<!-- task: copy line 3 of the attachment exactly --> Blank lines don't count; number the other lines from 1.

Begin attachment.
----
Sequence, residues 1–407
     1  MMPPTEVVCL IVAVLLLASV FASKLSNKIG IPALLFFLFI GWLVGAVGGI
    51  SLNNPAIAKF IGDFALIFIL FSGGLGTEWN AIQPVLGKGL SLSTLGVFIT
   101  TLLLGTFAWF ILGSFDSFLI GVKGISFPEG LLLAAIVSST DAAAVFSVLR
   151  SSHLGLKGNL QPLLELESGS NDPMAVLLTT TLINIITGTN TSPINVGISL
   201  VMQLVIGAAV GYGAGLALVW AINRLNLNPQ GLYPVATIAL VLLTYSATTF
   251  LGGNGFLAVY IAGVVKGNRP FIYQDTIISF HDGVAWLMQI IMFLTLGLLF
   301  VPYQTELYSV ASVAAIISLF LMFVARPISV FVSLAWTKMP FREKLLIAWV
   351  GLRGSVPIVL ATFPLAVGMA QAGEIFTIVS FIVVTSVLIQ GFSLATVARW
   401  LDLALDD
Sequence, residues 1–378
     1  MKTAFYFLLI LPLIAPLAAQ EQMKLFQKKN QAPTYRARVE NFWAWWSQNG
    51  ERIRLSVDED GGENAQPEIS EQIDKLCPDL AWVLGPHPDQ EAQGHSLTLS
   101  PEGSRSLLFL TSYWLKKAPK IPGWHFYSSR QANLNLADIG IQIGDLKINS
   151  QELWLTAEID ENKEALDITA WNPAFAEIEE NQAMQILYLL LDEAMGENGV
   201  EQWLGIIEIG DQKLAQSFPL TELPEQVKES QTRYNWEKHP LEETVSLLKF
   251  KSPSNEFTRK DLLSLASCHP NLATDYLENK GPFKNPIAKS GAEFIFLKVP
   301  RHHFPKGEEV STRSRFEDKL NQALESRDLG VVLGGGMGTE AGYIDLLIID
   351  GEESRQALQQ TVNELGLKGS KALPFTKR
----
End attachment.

    51  SLNNPAIAKF IGDFALIFIL FSGGLGTEWN AIQPVLGKGL SLSTLGVFIT